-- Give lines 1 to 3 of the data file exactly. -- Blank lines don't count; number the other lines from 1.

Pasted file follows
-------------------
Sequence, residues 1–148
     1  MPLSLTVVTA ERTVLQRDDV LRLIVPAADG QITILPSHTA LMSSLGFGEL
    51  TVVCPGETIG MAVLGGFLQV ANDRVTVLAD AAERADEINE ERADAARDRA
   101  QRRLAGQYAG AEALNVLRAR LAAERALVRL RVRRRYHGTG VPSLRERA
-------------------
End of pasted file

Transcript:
Sequence, residues 1–148
     1  MPLSLTVVTA ERTVLQRDDV LRLIVPAADG QITILPSHTA LMSSLGFGEL
    51  TVVCPGETIG MAVLGGFLQV ANDRVTVLAD AAERADEINE ERADAARDRA